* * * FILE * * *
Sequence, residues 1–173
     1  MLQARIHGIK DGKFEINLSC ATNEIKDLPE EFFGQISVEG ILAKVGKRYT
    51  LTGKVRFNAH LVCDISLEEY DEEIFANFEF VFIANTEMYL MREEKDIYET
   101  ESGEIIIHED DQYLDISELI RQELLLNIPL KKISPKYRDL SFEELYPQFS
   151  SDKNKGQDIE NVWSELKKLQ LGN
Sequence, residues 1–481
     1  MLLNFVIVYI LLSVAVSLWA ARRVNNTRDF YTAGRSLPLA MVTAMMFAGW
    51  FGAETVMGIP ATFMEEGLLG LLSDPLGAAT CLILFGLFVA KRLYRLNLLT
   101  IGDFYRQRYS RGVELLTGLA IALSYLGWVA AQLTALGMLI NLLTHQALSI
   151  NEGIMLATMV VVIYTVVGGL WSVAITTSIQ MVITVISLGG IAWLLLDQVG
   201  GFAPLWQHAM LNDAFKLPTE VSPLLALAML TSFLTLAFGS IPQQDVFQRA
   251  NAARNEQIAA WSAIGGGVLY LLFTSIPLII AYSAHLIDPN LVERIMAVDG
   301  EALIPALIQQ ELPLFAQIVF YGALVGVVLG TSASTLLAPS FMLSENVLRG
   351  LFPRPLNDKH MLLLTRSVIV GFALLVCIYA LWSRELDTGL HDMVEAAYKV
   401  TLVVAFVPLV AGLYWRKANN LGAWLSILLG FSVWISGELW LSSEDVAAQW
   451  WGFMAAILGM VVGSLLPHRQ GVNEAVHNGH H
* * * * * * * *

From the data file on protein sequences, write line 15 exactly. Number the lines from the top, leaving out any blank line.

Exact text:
   401  TLVVAFVPLV AGLYWRKANN LGAWLSILLG FSVWISGELW LSSEDVAAQW